Erickson then had them grasp the arms of the chair, ready to receive their shock therapy(expectation is a powerful prelude to hypnosis). Looking at them squarely, he then said:"You have been engaged in marital union with full physiological concomitants to fulfill yourphiloprogenitive desires. Now, why in hell don't you go f**k for fun, and pray to the devil sheisn't knocked up for at least three months! Now please leave!"Three months later, the wife was pregnant.
So what was all that about?
Relax (even if you’re shocked). I’m just illustrating a couple of points, which are:
Hypnosis may not
like ‘hypnosis’. The ‘eyes wide and glassy’ look, lasting only acouple of seconds, may be just as receptive a state for new ideas to take root as itsthirty minute ‘eyes closed in relaxation’ cousin. The door doesn’t need to be openvery long for the wet sponge to hit home.
Once you understand the principle of shock (technically, it fires the brain’s‘orientation response’, instantly increasing suggestibility), you can use it creatively.So here’s a few pointers to help you incorporate surprise as part of your therapeuticapproach.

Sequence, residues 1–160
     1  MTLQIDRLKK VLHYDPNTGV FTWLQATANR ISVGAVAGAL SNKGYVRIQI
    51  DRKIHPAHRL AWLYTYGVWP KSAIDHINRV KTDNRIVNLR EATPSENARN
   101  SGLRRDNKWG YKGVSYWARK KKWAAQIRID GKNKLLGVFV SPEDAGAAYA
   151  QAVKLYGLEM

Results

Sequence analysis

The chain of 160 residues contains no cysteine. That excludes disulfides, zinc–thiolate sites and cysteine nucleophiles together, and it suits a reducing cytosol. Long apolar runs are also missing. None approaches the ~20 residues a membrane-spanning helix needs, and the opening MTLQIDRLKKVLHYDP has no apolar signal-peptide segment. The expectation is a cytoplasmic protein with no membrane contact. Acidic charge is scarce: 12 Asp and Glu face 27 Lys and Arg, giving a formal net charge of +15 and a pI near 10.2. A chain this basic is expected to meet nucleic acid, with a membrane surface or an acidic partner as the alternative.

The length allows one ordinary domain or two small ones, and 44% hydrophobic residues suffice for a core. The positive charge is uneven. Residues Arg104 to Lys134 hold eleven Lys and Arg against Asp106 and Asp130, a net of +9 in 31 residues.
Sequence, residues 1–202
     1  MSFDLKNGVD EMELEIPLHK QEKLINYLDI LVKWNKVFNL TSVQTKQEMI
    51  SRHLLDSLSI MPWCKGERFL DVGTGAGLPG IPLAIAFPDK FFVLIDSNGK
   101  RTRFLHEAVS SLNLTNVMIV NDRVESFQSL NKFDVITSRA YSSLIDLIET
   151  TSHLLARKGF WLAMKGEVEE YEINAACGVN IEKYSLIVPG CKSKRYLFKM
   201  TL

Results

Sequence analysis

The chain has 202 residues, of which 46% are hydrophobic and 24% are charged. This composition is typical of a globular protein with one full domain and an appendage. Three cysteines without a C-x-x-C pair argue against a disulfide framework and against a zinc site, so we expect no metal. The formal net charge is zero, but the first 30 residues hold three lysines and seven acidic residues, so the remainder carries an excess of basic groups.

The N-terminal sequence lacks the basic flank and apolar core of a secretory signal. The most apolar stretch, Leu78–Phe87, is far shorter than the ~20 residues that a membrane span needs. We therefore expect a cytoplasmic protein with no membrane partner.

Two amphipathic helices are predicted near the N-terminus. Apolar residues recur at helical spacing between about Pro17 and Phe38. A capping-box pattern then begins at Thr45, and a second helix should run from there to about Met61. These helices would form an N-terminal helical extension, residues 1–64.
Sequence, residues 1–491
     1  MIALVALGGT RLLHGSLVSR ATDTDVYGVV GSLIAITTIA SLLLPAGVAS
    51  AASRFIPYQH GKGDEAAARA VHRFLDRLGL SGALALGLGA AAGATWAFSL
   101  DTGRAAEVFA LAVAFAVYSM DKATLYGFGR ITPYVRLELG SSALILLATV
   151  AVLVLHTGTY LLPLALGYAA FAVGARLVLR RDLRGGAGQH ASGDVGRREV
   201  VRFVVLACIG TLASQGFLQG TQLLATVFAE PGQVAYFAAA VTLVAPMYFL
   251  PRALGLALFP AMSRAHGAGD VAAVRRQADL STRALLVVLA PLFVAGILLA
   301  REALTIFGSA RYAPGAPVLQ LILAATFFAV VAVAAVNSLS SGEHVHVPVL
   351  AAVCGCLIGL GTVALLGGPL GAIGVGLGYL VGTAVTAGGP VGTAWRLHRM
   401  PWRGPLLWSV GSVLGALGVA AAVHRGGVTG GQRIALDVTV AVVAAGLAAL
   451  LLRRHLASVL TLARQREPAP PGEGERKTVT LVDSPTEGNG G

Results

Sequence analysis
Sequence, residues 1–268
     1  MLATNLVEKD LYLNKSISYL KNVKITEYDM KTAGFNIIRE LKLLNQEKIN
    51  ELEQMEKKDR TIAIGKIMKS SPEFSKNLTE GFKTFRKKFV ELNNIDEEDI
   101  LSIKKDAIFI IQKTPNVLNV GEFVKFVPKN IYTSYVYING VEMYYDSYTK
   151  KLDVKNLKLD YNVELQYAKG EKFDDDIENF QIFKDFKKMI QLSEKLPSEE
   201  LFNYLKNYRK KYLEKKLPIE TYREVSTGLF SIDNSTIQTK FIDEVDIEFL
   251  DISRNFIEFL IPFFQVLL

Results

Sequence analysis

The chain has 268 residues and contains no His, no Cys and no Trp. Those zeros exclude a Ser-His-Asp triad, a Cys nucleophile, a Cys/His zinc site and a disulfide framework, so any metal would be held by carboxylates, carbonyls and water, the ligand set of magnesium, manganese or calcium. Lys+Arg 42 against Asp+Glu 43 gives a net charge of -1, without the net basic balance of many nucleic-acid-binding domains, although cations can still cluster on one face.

1. Shocking agreement
Sometimes something new is needed. They’ve heard all the advice, had all the cognitivereframes, sat through all the fancy techniques, been to more therapists than ElizabethTaylor’s had husbands, and know more psychobabble than you
do.What will capture this person’s attention long enough for a genuinely fresh idea to settleundisturbed?Appearing to
with any negative statements your client makes can cause such startledsurprise as to make them temporarily open to new therapeutic ideas.Here’s one I used:“My life isn’t worth living!”“Yes, you are absolutely right! (
)… Your life
worth living…the way you’ve been living it up to now… and that’s why we are going to startmaking positive changes right this instant…”(
2. Confuse first and suggest second